More than 27 million Americans have osteoarthritis and many of them have chronic pain that limits daily activity. Along with things like physical therapy and weight loss if needed, medication is often a key part of an osteoarthritis treatment plan. Medicine can often help ease pain and help you live an active life. The challenge is to balance benefits against the risk of side effects. To do this, you and your doctor will look at your lifestyle, medical history and other medications you're taking.
Acetaminophen, often a first choice
Acetaminophen (such as Tylenol) is often the first medicine tried for osteoarthritis. It has fewer side effects than some other medications. But while it helps relieve mild to moderate pain, it does not reduce inflammation.
If you are taking acetaminophen, remember not to take more than your doctor suggests. Taking more than the recommended dose can cause liver damage. Don't drink alcohol if you are taking acetaminophen. If you have liver disease, talk to your doctor before taking it.
NSAIDS (Nonsteroidal anti-inflammatory drugs)
NSAIDs are often advised for moderate to severe osteoarthritis pain. NSAIDS can help reduce inflammation, joint swelling and redness. Ibuprofen, naproxen and aspirin are all NSAIDs that are sold over-the-counter. Stronger NSAIDs are available by prescription. All NSAIDs are linked with serious side effects, such as stomach bleeding, kidney disease and possibly heart attack.. Talk to your doctor about whether taking NSAIDs is safe for you. Certain NSAIDs may not be the best choice if you:
- Are 65 or older
- Have stomach bleeding or peptic ulcers
- Have liver or kidney disease or a bleeding disorder
- Drink more than three alcoholic drinks each day
- Have high blood pressure or kidney, liver or heart disease
- Take medicine for high blood pressure, aspirin to protect your heart or any sort of blood-thinning drugs
Aspirin or any aspirin-containing product should not be given to anyone age 18 or younger without a doctor's approval due to the risk of Reye's syndrome.
Corticosteroid joint injection
Corticosteroids are a type of steroid that can relieve inflammation. In osteoarthritis, they are sometimes used as injections into the affected joint. The injected corticosteroid can often give good short-term relief and can improve joint movement. But, too-frequent injections can lead to faster joint breakdown and eventual failure of the joint. For this reason, doctors don't normally give a corticosteroid injection more often than several times a year. Other possible problems from corticosteroid shots include pain related to the procedure itself, infection (on rare occasions) and worsening of arthritis. A temporary flare-up of symptoms is common after an injection and can be treated with pain medicine and a cold compress.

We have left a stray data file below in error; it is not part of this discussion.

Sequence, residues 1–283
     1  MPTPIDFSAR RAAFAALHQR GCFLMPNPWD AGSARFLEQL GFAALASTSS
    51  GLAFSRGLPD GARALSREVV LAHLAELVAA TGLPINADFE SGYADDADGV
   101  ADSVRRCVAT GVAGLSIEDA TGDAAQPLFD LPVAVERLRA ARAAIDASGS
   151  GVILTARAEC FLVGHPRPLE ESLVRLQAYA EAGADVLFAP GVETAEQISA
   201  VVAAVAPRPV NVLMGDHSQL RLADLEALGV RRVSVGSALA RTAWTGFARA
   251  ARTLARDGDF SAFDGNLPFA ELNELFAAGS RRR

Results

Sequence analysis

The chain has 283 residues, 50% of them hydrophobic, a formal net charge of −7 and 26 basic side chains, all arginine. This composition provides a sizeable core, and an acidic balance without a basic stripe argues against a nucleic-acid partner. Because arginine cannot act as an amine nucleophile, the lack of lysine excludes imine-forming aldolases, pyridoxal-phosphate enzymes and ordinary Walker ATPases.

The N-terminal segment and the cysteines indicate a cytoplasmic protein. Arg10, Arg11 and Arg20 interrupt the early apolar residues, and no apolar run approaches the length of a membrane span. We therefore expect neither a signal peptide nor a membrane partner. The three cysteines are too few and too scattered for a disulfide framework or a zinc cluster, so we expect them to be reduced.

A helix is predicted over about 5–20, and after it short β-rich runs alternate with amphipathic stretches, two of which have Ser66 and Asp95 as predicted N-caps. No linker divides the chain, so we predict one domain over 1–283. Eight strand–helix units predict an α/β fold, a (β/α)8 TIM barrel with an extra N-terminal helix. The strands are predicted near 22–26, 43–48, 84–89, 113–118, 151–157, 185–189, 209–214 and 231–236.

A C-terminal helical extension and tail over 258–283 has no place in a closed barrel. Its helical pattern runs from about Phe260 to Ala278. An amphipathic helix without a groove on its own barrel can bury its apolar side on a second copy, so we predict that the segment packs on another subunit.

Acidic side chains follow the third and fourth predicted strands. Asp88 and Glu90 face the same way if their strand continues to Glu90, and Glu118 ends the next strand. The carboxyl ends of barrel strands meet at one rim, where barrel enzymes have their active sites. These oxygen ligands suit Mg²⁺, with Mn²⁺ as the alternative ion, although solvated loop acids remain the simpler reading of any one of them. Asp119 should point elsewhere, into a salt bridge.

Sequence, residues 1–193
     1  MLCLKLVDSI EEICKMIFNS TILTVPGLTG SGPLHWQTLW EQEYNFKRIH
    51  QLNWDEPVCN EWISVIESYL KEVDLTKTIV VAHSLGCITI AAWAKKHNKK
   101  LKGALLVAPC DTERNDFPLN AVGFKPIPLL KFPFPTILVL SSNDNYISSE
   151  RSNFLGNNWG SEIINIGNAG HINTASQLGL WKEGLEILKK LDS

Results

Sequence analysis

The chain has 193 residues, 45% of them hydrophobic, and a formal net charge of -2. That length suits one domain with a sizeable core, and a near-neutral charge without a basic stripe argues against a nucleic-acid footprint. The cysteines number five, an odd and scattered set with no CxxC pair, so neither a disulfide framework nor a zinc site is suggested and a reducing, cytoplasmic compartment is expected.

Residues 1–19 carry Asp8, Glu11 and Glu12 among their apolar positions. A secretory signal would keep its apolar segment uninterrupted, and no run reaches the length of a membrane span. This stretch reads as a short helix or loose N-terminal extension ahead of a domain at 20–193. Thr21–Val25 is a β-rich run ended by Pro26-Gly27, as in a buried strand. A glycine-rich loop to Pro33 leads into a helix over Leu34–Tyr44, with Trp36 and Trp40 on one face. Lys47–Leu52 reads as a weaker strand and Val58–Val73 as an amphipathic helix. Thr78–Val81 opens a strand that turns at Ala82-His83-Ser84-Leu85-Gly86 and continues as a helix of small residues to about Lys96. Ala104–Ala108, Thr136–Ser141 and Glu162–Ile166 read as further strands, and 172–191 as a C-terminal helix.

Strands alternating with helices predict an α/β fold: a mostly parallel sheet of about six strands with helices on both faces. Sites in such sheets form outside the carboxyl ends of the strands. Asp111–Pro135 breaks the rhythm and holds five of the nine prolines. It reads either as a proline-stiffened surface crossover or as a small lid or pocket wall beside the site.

Hyaluronan is a drug formulated for injection directly into the joint. The drug replaces a component of the joint fluid involved in joint lubrication. Joint fluid may then be more effective at cushioning movement, which relieves pain. Hyaluronan treatment is a series of three to five injections. Studies of hyaluronan show it is at least as effective as a single injection of corticosteroid in relieving joint pain. Pain relief may also last longer than with a corticosteroid shot. Possible side effects of this drug include pain related to the injection, joint swelling and, rarely, infection or allergic reactions.
Topical pain relievers
Capsaicin-based topical pain reliever is a medicine put on the skin, usually in the form of a cream, to relieve pain. It is sold over-the-counter and also by prescription. Use this or any topical medicine only according to your doctor's instructions.
This is a prescription pain medicine that is similar to opioids, a stronger and potentially addicting class of drug. But studies have shown that the abuse potential of tramadol is lower than that of narcotics. Your doctor may prescribe this drug if you cannot tolerate NSAIDs or have tried other pain killers without success.
Narcotic pain killers
A narcotic medication contains an analgesic in the opioid class. Examples are codeine and hydrocodone. These may work well against osteoarthritis pain. But there is a potential for both physical and psychological dependence on these drugs. For this reason, they are usually saved only for short-term use and only after acetaminophen and NSAIDs have been tried or cannot be used.
What else do I need to know about medications for osteoarthritis?
The management of pain in osteoarthritis is a dynamic process that changes according to your needs. Over time, your doctor may need to:
- Change the dose or type of medication
- Make other changes to your treatment plan
Write down your questions before your visit. Be open about how the pain may be interfering with your life. Describe any side effects that you are having. Work with your doctor to optimize your medications and cut the risks of side effects. If your medication regimen is not helping, talk to your doctor about the possibility of taking part in a clinical trial. A number of drugs are being studied that may not only help control pain, but also slow the progress of joint damage from osteoarthritis.
Created on 06/08/1999
Updated on 03/10/2010
- Agency for Healthcare Research and Quality. Choosing pain medicine for osteoarthritis.
- Arthritis Foundation. Disease center: osteoarthritis.
- National Institute of Arthritis and Musculoskeletal and Skin Diseases. Handout on health: osteoarthritis.
- U.S. Food and Drug Administration. Use caution with over-the-counter creams, ointments.
- American College of Rheumatology. Subcommittee on Osteoarthritis Guidelines recommendations for the medical management of osteoarthritis of the hip and knee.
- Centers for Disease Control and Prevention. Arthritis basics: osteoarthritis.